Philippine Airlines
operated by PAL Express
Cebu, Manila
Philippines AirAsia Caticlan, Cebu, Clark, Kalibo (begins June 19, 2017),[6] Manila, Puerto Princesa
Saudia Hajj: Jeddah, Medina2
SilkAir Singapore1

^Note 1 : This flight makes a stop between Davao and the listed destination, however, it has no rights to transport passengers solely between Davao and the intermediate stop.
^Note 2 : Saudia has announced that it will start operating chartered flights from Davao to Medina and Jeddah, Saudi Arabia intended for Hajj delegates to the Muslims’ annual pilgrimage to Mecca.


  • On April 19, 2000, Air Philippines Flight 541, a Boeing 737-200 en route from Manila to Davao crashed near the airport killing 131 people.[7][8]
  • On March 4, 2003, a bomb exploded in the waiting shed outside the old terminal building, killing 21 people. At least 145 others were injured when the bomb went off.[9]
  • On the night of August 25, 2008, a Philippine Air Force, C-130 Hercules bound for Iloilo City crashed into Davao Gulf shortly after take off from Davao International Airport. The aircraft sank 800 feet into the gulf. The incident killed nine crew members plus two Philippine Army soldiers.[10][11] After several days of a search-and-retrieval operation, the wreckage was found with the help of a US Navy ship, the USNS John McDonnell.[12]
  • On June 2, 2013, a Cebu Pacific Flight 971 (registration number RP-C3266) carrying 165 passengers inbound from Manila, overshot the runway during a heavy rain. There were no fatalities, however the plane was heavily damaged.[13] The damaged aircraft was moved to the old airport terminal for the investigation and parting.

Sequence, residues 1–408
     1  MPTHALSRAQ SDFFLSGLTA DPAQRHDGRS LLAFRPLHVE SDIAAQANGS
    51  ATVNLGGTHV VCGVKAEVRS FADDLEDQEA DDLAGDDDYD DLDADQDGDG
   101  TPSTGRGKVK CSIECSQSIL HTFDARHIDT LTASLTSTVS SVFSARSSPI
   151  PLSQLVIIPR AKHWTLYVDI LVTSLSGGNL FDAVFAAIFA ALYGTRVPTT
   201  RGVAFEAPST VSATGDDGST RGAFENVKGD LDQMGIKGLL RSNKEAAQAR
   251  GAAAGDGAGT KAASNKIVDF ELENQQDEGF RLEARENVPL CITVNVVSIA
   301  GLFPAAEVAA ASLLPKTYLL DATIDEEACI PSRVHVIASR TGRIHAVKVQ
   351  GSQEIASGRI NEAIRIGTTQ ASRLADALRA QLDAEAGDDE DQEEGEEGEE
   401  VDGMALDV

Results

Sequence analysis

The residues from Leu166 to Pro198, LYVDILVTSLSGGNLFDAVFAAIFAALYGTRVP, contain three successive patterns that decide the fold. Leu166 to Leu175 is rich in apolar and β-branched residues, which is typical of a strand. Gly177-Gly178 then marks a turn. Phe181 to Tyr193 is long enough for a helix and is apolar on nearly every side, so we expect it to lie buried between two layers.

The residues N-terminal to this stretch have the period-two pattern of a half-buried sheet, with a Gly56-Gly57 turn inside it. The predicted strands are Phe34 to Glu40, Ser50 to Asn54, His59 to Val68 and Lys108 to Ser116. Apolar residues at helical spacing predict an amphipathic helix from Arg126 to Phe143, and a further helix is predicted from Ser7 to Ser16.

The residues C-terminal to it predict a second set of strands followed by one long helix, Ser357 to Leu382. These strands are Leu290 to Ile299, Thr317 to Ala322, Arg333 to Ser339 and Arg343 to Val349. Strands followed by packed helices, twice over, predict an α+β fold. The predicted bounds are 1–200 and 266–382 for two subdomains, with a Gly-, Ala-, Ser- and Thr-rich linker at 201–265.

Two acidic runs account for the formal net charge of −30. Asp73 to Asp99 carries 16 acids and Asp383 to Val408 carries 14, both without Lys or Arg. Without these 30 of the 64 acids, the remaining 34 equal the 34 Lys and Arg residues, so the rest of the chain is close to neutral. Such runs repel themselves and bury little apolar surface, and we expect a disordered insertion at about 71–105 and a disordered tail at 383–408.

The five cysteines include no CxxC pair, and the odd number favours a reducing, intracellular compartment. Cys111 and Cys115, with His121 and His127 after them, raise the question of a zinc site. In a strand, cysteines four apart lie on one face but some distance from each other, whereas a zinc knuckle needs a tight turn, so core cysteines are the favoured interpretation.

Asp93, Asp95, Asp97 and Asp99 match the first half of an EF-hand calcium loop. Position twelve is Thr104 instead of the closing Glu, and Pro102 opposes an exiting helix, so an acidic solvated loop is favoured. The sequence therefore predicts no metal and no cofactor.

See also[edit]


  1. ^ "Busiest Airports in 2016". Philippine Air Space (Blog). Retrieved April 3, 2017. 
  2. ^ "Cebu Pacific to make Davao its 3rd hub" (Press release). Cebu Pacific. 2007-11-12. Archived from the original on 2007-11-17. Retrieved 2007-11-12. 
  3. ^ a b c d Ajero, Antonio M. (2003-12-01). "Nonoy Garcia, Elias Lopez and other airport tales". Sun.Star Davao. Archived from the original on 2003-12-21. Retrieved 2008-12-14. 
  4. ^ "Formulation of the Philippine National Tourism Development Plan 2011-2016" (pdf). Department of Tourism - Philippines. Retrieved 2012-09-01. 
  5. ^ "Airports - Davao Int'l Airport". CAAP. Retrieved 2012-09-01. 
  6. ^
  7. ^ "Air disaster timeline". BBC. November 30, 2007. Retrieved 2012-07-16. 
  8. ^ "Accident description". Aviation Safety Network. April 19, 2000. Retrieved 2012-07-16. 
  9. ^ "Philippines airport bomb kills 18 - March 4, 2013". 
  10. ^ "Hercules goes down in Davao Gulf; 9 missing". Philippine Daily Inquirer. 2008-08-27. Retrieved 2012-07-16. 
  11. ^ Accident description. Aviation Safety Network. August 25, 2008. Retrieved 2012-07-16
  12. ^ "US Navy ship to help locate crashed C-130". Cebu Daily News. 2008-08-30. Retrieved 2012-07-16. 
  13. ^ Manlupig, Karlos (2 June 2013). "Cebu Pacific plane overshoots Davao airport runway". Retrieved 3 June 2013. 

External links[edit]